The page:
Comments (36)Sign in or register to postSubscribe to comments via RSS

Thaddeus Wert's picture
Thaddeus Wert
High school math teacher at Harpeth Hall School in Nashville, TN

I completely agree with Mr. Miller's points here. Flipping a classroom won't make you a better teacher. If anything, it's harder teaching a flipped course, because you need to prepare interesting activities that reinforce and justify the screencast content. However, my students love it, and we are covering more material this year than any other group of precalculus students I've ever worked with. I recently compiled their feedback after the first semester of working in a flipped class:
BTW, my school is a one-to-one laptop school, so there really aren't any technology concerns. If we weren't, it would be difficult to expect everyone to watch the screencast for homework.

Marshall Barnes's picture
Marshall Barnes
Founder, Director of SuperScience for High School Physics


I think you have some good points. What I would like to address, however, is the true origin of what is being referred to here as a "flipped classroom" . This is merely a model that two teachers came up with that already existed in my head back in the 80s because of my experiences with school during the major snow blizzards of the late 70s. I also saw its early evolution through the use of video tape lectures at Columbus Technical Institute. Also, the model effects the entire school, not just the class.

What we had to do was watch school lessons on public TV stations and then go to school for just a couple days a week. Our home work was based on what we watched on TV, which were basically lectures.

OK, now flash forward to the mid to late 80s when school districts started to really have problems with school funding in some parts of the country. Regardless of the politics of school funding, a solution would have to be developed where schools were still open, regardless. Enter the hybrid school model, where students are only taught by fully accredited teachers on a part time basis, the rest of the time at school they are watching lecture videos, etc. under the guidance of a teacher's aide who is not accredited, or engaging in various learning exercises. The various other aspects of the flipped classroom are just par for the course.

So what I'm saying is that the promotion of flipped classrooms will lead to hybrid schools as school systems that are facing massive budgets crunches start looking for ways to deal with teacher unions, etc. After all, the "sage on the stage" will always be seen as the primary authority in the educational setting. It doesn't take a sage to be the "guide on the side", nor the same salary.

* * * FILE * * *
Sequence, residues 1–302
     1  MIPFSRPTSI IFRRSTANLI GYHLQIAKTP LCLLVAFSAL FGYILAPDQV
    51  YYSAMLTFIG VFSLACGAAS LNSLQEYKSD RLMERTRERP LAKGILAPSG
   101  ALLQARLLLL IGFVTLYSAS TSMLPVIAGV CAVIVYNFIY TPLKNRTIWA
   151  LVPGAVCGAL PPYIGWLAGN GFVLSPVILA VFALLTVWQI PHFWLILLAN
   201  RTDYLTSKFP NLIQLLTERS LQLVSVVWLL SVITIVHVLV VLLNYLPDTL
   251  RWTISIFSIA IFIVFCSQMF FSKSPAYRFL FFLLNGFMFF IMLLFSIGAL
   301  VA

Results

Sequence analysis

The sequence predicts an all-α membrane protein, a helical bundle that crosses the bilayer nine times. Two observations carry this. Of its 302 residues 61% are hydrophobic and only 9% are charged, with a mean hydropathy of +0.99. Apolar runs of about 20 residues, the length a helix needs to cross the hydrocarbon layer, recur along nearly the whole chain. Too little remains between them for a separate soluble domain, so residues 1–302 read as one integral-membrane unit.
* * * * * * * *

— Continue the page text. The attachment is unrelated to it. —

Erik Palmer's picture

Well said! I think we need add a 6th item, though.
6) Communication skill
Far too many videos are made showcasing dreadful speaking. It is cruel to ask students to watch a lesson delivered poorly. Monotonous voices, odd vocal patterns, poor visuals, annoying soundtracks, dull presentation of material--all of these are more common than not. I realize that speaking skill is not on the radar for most teachers (CCSS "Speaking & Listening" may change that), but exceptional communication skills are required to pull off a digital presentation. There is little available right now to help teachers. Check out and look this summer for Digitally Speaking, a new book about how to use digital tools that showcase speaking well.

Robin Marcus's picture

While I agree with most of the points here, I don't see how flipping "helps move a classroom culture towards student construction of knowledge rather than the teacher having to tell the knowledge to students." If a teacher is recording lectures, they are still telling the knowledge to the students, just digitally and outside of class. At best students may feel better supported to make sense of what is presented, but it's still making sense of someone else's approach, not constructing their own.

Peter Pappas's picture
Peter Pappas
Exploring frontiers of teaching, jazz, yoga, Macs, film

Your skepticism is well deserved. Flipping the classroom is the equivalent of using your DVR or TiVo to time shift your television viewing. Its success depends on the quality of the web content, how it supports student engagement and reflection, and how you leverage the class time that it "frees' up.

I see flipping as a great opportunity to engage our students in a PBL-style approach to taking more responsibility for their learning. Why not let your students curate the video lessons from existing content on the web? Here's my how to - "How to Flip Your Classroom - and Get Your Students to Do the Work"

Plus it's a good venue for digital hygiene training. Most students are using YouTube as one of their primary search engines.